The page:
Effective Pull Request Messages
My team has a policy that states each pull request should be reviewed by at least two developers and a QA engineer. In the past, pull requests had been submitted completely devoid of a description field; the title was automatically generated from the branch name. After vetting, a simple comment was left by reviewers stating that it was “good to merge” (“GTM”).
Not only was it sometimes unclear why each pull request was opened, but it was also difficult to tell which pull requests had been reviewed and which ones needed another set of eyes.
In an effort to resolve some of these issues, I made a template for opening pull requests.
The template has the following sections, most of which are used only when applicable:
Description – a paragraph or two that describes the changes introduced by the pull request. The prose should be be written for a product manager; it should resemble the language found in a user story. If significant code changes, such as refactoring, are made then additional paragraph(s) of text should be targeted for engineers.
Acceptance Criteria – a list explicitly enumerating each user-facing change. These should be specific and should not assume the reader infers any side-effects or behavior. The accuracy of this section reduces uncertainty during testing.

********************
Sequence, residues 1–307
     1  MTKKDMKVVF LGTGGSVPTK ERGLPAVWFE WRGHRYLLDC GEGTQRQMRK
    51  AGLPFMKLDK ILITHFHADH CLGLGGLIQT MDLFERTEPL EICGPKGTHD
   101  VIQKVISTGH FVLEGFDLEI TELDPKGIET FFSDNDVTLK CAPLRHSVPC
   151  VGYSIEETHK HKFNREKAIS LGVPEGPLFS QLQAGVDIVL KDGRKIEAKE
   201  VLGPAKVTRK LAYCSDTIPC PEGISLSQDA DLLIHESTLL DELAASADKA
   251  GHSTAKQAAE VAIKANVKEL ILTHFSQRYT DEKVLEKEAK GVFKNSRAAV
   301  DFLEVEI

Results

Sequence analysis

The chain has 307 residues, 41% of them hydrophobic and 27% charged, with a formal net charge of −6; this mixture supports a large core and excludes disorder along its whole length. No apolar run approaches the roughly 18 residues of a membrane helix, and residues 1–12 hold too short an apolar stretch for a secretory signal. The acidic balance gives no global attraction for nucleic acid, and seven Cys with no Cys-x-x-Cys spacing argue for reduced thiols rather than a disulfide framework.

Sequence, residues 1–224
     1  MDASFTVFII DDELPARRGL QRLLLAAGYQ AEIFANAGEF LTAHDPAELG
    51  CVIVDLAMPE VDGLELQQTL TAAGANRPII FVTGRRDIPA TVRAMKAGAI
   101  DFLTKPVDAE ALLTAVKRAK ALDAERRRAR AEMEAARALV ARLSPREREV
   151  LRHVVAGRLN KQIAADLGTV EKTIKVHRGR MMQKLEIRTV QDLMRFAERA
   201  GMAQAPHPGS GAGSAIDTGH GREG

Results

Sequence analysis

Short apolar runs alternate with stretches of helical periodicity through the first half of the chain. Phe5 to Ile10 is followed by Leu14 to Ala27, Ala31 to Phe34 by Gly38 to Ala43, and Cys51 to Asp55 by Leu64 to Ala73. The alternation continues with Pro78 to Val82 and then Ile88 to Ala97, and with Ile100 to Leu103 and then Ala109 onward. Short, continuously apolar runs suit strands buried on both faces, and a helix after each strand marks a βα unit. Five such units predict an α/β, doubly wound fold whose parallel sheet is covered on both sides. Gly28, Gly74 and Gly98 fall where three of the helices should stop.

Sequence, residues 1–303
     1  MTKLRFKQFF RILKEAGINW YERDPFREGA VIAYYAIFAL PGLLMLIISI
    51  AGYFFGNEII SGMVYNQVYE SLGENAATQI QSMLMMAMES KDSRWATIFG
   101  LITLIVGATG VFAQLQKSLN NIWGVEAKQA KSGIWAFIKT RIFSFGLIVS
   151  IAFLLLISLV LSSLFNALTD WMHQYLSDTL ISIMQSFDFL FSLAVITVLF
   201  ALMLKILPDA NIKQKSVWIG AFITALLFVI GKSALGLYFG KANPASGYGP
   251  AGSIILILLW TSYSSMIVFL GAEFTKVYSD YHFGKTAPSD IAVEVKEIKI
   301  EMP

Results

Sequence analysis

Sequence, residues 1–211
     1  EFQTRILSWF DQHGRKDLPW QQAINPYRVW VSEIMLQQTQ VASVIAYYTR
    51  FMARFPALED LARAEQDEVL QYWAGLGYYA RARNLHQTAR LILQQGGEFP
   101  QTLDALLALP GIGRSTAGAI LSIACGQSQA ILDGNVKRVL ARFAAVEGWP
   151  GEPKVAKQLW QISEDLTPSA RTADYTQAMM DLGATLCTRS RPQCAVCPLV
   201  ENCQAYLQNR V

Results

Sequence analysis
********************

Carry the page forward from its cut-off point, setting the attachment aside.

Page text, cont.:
Dependencies – a list of pull requests or other items that are depended upon.
Test Scenarios – a list of step-by-step scenarios to test. This section somewhat duplicates the acceptance criteria, but can be helpful when working on edge cases.
Screenshots – screenshots can be helpful to product owners when reviewing stories. You can drag-and-drop images into your browser window when editing a pull request description.
Reviewers – use the task list feature to create a bulleted list of those who need to review your pull request. The status of the check boxes is displayed wherever the pull request is referenced.
After switching to this template, we found that it was much easier to check the status of all open pull requests on the Pull Requests page. It also became easier to hound and shame those who needed to review open pull requests.